I have neighbours who put their unwanted things (broken bicycles, toys, furniture) in my parking space, using salami tactics. They don’t put the objects right in the middle of the space all at once, but initially put them mostly outside my parking space, with a small part of the object sticking into the space. If I don’t do anything, then the neighbours shift the objects so that a somewhat larger fraction of them is in my space, or add more objects that slightly stick into the space. If I push some of their rubbish out of my space, then other things appear, sticking into a different part of the space. They have plausible deniability in case I confront them – the object was only slightly in my space, so placing it there can be excused as an accident. This dance has gone on over a year, with them pushing their stuff into my space when I’m not there and me pushing it out when they are not there. Their encroachment attempts have become somewhat humorous, and I am observing them as a social science field study. The same encroachment happens in the common hallway, which fire regulations require to be clear at all times, but where the neighbours store their unwanted furniture. The furniture starts out near their door and gradually moves further and spreads out.
People in another house in this suburb have gradually squatted on a piece of the public park. They planted a hedge around that piece, which adjoins their dwelling. Now it is somewhat difficult to get into that part of the park (one has to squeeze through the hedge), so other people have stopped going there. It is effectively a private garden. The hedge did not appear overnight – the planting happened at a rate of about one bush per month, so it wasn’t too obvious to people who regularly pass through the park. The squatters planted the bushes in daylight, so deniability would have been a bit stretched if someone had confronted them. To some extent, planting one bush at a time in a public park can still be claimed an idle hobby, with no intent to encroach. However, the hedge that now clearly encloses a plot next to their dwelling does look suspicious.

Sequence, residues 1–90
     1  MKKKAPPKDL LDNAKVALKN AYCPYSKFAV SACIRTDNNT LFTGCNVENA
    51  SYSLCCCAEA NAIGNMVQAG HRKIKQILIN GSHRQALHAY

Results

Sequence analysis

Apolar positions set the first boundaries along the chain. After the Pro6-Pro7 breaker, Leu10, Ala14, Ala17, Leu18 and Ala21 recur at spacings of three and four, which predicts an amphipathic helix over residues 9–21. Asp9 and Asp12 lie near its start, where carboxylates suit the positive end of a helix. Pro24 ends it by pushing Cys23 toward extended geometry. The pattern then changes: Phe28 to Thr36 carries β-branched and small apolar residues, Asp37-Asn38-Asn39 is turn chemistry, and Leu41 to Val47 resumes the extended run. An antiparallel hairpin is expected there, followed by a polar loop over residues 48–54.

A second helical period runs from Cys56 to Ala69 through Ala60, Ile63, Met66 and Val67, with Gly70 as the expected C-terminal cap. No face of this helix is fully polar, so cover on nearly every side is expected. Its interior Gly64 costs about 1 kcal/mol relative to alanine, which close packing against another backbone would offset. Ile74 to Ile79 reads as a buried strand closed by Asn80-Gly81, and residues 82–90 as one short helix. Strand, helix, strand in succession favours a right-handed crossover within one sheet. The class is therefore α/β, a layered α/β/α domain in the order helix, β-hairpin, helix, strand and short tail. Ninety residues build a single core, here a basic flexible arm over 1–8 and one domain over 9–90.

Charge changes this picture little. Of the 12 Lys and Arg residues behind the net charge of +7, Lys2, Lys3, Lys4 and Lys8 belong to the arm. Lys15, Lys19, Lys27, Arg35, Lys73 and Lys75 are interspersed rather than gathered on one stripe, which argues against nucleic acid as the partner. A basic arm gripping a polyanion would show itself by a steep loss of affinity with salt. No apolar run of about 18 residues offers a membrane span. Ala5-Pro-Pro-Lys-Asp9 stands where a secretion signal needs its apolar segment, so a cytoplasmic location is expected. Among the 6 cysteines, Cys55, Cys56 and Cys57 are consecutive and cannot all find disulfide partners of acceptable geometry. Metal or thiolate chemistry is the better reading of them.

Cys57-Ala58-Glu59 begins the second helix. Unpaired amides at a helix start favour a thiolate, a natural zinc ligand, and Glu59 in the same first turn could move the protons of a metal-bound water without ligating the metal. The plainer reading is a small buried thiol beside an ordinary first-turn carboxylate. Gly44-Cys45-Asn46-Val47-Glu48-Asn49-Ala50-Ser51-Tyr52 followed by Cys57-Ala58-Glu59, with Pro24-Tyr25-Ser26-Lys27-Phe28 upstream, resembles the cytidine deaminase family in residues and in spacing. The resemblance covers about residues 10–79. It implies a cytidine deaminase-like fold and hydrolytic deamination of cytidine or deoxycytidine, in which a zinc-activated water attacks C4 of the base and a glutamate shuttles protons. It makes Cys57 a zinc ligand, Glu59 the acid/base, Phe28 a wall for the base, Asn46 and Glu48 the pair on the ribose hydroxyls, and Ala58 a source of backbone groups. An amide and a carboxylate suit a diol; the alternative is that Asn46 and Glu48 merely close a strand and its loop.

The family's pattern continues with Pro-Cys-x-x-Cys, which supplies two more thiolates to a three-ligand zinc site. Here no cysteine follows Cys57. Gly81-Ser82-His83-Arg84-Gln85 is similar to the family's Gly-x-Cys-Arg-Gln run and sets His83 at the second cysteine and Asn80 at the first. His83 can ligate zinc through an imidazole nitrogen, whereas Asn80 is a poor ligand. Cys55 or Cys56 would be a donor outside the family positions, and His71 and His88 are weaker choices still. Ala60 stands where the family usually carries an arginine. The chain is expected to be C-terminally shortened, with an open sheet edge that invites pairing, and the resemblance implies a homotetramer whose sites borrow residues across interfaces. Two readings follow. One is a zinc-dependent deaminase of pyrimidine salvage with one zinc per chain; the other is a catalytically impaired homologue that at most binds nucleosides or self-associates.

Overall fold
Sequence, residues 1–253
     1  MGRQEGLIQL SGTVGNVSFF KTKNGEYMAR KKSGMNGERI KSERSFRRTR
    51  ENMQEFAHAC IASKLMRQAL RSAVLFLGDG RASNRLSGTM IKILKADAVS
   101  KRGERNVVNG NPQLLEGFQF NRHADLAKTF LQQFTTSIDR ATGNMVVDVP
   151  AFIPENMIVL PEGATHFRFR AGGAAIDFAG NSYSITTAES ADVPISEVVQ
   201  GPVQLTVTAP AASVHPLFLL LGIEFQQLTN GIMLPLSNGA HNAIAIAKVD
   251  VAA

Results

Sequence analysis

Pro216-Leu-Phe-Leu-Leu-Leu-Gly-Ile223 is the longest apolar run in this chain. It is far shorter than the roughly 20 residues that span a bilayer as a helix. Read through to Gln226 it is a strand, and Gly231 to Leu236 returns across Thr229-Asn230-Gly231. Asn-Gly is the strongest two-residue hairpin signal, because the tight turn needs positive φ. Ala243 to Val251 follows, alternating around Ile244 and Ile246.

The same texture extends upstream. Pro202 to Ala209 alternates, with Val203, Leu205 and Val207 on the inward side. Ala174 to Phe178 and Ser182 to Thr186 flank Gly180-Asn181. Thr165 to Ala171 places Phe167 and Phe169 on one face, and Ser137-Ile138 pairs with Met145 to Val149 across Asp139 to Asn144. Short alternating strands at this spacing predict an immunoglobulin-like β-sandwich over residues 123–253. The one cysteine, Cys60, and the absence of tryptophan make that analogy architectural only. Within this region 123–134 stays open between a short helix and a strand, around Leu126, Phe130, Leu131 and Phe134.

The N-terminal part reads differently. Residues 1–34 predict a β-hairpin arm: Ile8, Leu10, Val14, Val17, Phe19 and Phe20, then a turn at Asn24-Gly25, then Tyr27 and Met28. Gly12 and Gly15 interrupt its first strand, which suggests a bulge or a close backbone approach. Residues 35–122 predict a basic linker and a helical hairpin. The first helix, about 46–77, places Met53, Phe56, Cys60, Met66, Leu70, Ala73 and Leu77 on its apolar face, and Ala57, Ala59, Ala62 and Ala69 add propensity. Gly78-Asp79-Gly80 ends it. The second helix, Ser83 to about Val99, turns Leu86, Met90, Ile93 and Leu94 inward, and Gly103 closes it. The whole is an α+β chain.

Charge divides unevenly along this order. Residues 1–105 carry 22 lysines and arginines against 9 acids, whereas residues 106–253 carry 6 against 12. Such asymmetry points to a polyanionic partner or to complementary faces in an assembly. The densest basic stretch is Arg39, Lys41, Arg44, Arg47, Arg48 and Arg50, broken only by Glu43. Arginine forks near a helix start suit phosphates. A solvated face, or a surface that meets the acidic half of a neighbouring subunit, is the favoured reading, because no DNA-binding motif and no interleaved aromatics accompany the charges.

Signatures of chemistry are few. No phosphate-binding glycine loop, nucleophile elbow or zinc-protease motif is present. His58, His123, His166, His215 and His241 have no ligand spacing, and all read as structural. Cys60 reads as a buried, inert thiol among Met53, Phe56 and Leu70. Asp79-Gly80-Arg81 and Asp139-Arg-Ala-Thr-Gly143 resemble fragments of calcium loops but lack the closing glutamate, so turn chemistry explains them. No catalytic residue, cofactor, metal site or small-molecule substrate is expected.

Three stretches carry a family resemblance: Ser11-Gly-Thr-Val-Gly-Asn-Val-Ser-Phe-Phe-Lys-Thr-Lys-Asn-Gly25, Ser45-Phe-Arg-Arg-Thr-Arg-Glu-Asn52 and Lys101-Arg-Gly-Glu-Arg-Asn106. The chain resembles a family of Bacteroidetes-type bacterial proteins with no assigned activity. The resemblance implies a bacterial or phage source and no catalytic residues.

A related tactic does not slice the salami slowly over time, but slices it many times at once to different people. At work, there are people who, upon receiving a task from the boss, ask one colleague at their level to help with one part of the task, another colleague to help with another part, etc, until they have delegated the whole task piece by piece. Each piece comes with an excuse why the delegator cannot do it. Then when the colleagues ask for help in return, the delegator is absent, unavailable due to family responsibilities or has some other excuse.

Signalling by encouraging good decisionmaking